The United States was founded on an extraordinary wager upon the nature of the human spirit; predicated on the belief that men valued life and liberty above all; that in order to preserve their individual awareness in order to pursue happiness they would take risks. But let’s face the truth, as Seidel [sic] says, people don’t want the anxiety of liberty. The Founders lost the bet. “Perhaps the dream of a country ruled by ‘We the people’ is impossibly utopian.”
Maybe it was. Maybe the Founding Fathers were wrong after all to imagine that men craved freedom. In reality what men craved was Kings; whether in person or in parliament made no difference, for so long as it was some agency to which they could hand over all responsibility for their daily lives. And in exchange they would receive food in the Hall or its modern equivalent, the Mall, till it ran out. Free food till Grendel comes to Heorot — their sole concern being how near or far to the raised table and fire they were in the interim. If Seidel’s [sic] right that’s all there is to history: a kind of temporary gaiety with one ear open to the approaching sounds of the night. That’s all it will ever be.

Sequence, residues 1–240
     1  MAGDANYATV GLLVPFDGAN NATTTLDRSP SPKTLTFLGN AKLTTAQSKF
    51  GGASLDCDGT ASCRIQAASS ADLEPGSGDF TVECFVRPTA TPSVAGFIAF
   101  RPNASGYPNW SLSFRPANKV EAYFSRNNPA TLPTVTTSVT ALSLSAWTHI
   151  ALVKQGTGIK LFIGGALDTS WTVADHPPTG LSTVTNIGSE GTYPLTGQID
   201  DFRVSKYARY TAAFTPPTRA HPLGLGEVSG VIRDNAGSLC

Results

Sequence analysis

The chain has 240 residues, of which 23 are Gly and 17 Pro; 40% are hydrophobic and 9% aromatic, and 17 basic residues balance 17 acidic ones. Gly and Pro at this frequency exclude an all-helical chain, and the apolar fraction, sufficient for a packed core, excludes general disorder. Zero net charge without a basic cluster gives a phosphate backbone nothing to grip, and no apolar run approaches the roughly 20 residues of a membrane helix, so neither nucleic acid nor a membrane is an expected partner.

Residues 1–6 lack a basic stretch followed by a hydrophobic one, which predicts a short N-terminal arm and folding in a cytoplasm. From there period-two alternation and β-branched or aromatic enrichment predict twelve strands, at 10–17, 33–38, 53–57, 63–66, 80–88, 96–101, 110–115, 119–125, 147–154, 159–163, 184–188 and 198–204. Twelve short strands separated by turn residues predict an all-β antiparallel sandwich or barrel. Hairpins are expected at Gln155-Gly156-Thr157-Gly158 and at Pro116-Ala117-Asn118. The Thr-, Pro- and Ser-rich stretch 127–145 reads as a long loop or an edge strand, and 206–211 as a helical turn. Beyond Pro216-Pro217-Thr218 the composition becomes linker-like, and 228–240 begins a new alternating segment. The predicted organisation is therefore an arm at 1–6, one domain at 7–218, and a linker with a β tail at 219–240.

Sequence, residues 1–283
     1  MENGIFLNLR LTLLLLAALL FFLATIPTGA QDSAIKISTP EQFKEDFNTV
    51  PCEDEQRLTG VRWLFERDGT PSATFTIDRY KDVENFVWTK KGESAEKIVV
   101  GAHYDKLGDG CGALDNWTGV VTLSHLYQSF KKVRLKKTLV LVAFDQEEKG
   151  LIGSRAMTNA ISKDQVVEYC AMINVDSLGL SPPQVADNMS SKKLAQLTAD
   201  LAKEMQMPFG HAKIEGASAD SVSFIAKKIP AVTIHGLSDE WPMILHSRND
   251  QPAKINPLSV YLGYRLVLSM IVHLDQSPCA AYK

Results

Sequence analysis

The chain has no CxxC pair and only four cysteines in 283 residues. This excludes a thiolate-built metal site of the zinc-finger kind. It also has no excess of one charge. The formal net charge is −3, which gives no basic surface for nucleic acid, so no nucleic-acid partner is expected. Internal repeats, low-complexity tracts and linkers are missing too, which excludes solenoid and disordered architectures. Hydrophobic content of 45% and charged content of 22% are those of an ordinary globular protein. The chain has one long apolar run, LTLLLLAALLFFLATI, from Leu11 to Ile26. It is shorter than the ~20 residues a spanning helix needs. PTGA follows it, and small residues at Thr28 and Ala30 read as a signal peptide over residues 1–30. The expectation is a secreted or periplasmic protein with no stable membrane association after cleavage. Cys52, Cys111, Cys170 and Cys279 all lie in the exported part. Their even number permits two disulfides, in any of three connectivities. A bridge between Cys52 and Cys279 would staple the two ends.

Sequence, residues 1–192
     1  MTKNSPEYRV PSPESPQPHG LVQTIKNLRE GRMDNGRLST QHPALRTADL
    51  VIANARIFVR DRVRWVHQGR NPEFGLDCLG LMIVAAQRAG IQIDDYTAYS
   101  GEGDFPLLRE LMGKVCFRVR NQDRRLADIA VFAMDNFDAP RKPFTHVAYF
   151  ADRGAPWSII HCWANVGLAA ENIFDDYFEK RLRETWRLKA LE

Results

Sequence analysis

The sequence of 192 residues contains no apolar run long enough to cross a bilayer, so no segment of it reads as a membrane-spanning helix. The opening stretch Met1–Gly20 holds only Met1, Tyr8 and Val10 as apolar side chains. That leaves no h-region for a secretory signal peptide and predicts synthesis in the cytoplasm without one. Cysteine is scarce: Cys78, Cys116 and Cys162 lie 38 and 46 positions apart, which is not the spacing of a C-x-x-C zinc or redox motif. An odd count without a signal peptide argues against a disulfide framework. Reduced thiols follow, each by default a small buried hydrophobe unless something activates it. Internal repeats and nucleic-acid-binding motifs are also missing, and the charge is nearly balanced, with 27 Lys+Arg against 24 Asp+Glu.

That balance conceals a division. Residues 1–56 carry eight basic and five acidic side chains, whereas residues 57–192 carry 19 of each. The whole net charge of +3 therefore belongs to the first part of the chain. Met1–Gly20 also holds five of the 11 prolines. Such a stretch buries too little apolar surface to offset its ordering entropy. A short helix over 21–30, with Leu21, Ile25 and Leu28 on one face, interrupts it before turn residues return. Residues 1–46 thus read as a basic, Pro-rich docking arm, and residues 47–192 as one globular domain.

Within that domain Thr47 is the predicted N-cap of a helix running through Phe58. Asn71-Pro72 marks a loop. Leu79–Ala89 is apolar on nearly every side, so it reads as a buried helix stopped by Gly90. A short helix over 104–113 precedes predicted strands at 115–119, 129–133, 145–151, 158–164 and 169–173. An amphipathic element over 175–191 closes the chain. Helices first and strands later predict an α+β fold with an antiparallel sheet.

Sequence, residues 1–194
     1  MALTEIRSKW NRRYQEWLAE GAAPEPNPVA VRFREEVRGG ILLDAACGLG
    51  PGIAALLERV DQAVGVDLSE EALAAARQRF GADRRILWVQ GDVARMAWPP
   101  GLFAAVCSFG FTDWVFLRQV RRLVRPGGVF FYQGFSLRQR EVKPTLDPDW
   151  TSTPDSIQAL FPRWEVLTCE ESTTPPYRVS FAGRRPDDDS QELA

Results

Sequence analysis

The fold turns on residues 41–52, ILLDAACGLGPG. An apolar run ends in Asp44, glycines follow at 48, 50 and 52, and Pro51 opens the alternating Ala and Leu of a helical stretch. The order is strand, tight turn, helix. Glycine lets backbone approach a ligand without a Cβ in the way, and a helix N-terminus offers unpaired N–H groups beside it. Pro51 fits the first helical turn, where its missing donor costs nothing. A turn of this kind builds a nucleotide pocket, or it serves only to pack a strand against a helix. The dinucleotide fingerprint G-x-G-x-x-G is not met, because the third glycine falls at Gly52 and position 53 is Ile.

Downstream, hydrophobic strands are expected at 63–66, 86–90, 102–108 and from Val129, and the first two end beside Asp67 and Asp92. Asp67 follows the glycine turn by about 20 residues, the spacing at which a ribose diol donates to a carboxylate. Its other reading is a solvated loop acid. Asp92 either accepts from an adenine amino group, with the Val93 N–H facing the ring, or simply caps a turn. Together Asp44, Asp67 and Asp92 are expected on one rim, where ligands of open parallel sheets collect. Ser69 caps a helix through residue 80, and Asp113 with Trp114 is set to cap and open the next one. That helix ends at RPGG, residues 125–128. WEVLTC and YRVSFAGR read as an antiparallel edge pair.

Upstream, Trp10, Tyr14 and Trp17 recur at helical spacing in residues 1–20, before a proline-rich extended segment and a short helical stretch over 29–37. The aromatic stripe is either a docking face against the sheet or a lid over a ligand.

Which brings me once more to a quotation from Dostoevsky’s The Brothers Karamazov. I first encountered it long ago in high school, when we were assigned to read the Grand Inquisitor chapter from that book (something I find hard to believe; do public high schools require such reading today?).
It made a very deep impression on me back then. Although I don’t think I understood it all that well, it seemed very important. Fortunately or unfortunately, I understand it better today, and it still seems very important:
Oh, never, never can they feed themselves without us! No science will give them bread so long as they remain free. In the end they will lay their freedom at our feet, and say to us, “Make us your slaves, but feed us.” They will understand themselves, at last, that freedom and bread enough for all are inconceivable together, for never, never will they be able to share between them! They will be convinced, too, that they can never be free, for they are weak, vicious, worthless, and rebellious. Thou didst promise them the bread of Heaven, but, I repeat again, can it compare with earthly bread in the eyes of the weak, ever sinful and ignoble race of man?